Skip to main content

Florida Tomatoes Making Comeback

ORLANDO, Fla. - After enduring the wrath of four devastating hurricanes, the Sunshine State's beloved tomato crop is close to resuming normal volumes, according to shipment data from the Florida Tomato Committee.

As little as two weeks ago, Florida tomato growers were packing 35 percent of what is typical for the season. Now, as shipments are steadily increasing, volume is projected to be built up to normal volumes by the third week of December, according to the tomato committee.

Although Florida growers have seen yields almost half of what they should be,
“the tomato quality is remarkably good and our supplies are increasing steadily," said Reggie Brown, manager of the Florida Tomato Committee, who said his organization expects prices to begin responding to the uptick in supply in the next two to three weeks.

That’s good news for supermarket shoppers, 80 percent of whom purchase tomatoes several times a month, and 42 percent of whom purchase tomatoes on a weekly basis, according to Brown. With an annual average national contribution of more than 7.5 percent to total produce department dollar sales, the tomato category packs a powerful punch for the all-important produce department, he noted.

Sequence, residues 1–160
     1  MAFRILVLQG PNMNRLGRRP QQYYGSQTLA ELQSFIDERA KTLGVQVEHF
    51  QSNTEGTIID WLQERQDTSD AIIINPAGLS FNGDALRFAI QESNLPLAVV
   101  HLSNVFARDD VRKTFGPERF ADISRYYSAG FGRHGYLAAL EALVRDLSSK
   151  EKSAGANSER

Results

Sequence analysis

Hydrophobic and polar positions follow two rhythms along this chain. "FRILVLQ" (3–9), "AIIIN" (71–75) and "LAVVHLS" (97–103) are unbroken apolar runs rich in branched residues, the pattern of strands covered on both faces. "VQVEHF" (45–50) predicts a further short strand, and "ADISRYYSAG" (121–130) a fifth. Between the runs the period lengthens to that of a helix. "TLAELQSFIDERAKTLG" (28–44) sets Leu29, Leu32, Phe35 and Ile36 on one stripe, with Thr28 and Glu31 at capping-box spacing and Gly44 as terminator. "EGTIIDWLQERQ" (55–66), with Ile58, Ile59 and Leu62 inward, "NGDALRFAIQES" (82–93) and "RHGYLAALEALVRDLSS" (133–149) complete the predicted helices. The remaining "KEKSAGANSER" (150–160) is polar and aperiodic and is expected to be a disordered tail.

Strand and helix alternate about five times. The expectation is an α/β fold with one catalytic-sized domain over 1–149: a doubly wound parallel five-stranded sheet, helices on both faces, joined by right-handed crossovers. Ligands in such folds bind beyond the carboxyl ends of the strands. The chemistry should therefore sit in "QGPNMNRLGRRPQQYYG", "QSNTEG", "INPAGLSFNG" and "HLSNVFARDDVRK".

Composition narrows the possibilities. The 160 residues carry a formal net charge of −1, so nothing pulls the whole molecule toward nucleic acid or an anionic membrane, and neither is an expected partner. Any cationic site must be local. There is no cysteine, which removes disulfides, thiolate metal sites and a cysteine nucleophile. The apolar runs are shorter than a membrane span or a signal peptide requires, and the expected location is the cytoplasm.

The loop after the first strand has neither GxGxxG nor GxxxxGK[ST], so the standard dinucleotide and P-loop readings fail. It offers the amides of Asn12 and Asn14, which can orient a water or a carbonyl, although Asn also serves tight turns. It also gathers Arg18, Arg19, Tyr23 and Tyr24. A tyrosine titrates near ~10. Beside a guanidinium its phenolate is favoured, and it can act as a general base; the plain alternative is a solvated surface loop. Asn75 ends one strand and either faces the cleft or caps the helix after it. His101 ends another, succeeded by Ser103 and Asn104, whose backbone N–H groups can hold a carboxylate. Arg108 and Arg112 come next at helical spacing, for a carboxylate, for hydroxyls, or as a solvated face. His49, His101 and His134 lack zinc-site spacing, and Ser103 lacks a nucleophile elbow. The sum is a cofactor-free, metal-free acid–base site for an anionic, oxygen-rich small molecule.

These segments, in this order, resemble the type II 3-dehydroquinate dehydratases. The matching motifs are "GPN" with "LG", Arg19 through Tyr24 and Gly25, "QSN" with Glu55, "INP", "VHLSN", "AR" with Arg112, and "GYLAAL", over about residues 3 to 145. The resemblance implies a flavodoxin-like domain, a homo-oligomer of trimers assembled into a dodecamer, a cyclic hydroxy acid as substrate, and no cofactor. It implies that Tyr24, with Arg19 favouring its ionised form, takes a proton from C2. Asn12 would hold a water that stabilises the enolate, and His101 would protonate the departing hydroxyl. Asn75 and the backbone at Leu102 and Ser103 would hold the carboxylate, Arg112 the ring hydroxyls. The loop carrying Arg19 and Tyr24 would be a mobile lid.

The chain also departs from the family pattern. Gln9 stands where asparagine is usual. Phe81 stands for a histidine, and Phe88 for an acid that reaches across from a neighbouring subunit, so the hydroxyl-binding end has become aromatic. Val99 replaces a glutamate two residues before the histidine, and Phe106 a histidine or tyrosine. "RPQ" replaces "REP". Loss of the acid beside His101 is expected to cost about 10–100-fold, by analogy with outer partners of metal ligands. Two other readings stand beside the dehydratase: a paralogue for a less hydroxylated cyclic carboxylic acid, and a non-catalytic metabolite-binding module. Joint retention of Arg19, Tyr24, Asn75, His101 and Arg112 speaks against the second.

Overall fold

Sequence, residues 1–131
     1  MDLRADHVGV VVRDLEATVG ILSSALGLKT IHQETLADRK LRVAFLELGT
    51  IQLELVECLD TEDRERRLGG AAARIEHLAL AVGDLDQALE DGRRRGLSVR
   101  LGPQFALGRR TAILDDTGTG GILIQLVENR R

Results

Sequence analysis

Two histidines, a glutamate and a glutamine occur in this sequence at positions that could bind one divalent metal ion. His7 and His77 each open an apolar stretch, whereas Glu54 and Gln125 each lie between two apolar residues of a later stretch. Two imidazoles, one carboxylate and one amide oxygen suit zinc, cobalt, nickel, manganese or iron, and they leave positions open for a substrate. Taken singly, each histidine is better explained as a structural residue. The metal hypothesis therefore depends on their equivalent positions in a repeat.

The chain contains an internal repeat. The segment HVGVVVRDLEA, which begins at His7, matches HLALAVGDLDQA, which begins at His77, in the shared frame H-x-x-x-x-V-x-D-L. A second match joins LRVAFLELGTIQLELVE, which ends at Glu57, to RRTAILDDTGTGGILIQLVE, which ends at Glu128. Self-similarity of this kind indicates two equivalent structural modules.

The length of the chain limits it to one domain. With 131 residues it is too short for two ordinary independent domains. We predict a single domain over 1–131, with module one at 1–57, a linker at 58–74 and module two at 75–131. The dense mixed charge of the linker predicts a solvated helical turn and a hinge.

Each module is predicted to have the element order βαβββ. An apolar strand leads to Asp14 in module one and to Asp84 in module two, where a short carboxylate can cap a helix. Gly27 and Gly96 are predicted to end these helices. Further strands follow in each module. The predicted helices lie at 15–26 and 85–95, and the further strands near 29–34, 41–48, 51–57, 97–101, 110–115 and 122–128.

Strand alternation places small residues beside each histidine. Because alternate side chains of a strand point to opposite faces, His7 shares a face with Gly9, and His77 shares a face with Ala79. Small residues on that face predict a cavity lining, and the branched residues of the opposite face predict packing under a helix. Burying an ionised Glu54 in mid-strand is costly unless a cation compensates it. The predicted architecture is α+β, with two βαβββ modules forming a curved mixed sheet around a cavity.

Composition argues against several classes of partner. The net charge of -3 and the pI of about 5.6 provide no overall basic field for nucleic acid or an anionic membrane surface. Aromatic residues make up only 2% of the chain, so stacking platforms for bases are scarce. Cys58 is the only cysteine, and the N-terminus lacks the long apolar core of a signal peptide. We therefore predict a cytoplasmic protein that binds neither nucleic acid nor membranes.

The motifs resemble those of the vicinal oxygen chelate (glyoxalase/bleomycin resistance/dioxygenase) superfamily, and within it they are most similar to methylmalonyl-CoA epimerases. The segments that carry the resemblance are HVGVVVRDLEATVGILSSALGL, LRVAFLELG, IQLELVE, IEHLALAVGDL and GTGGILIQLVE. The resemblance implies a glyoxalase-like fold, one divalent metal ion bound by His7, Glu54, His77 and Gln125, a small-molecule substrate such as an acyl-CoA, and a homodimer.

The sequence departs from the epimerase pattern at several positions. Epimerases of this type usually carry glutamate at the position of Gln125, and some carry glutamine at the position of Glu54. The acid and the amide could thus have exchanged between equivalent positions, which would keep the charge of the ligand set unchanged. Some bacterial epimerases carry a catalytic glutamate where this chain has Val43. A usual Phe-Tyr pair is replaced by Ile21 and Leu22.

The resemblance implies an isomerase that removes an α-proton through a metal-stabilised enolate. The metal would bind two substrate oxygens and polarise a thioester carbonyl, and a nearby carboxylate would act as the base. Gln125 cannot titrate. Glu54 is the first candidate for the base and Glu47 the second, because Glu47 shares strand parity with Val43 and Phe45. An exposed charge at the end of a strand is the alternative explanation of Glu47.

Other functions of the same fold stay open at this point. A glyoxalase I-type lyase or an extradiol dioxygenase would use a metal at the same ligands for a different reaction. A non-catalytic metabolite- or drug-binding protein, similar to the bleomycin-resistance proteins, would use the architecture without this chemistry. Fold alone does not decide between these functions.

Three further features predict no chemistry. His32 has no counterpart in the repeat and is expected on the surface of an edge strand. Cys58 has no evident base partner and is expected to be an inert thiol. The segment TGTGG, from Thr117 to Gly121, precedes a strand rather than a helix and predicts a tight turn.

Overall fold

The damage to Florida's tomato crop, along with unseasonably wet weather in Mexico, has made for a very unique situation in the United States. To date this season, Florida tomato growers have packed about 50 percent of the total packed last year during same time period. "With this unusual weather phenomenon, we have truly seen trying times here in Florida - the likes of which we hope not ever see again," said Brown, adding, "we certainly appreciate the support of our customers as we pick ourselves up from the aftermath of these devastating hurricanes."

Florida is the nation's largest producer of fresh tomatoes. With almost every southern county in the state cultivating tomatoes, Florida produces virtually all the fresh-market, field-grown tomatoes in the U.S. from October through June each year, and accounts for about 50 percent of all fresh tomatoes produced domestically.
This ad will auto-close in 10 seconds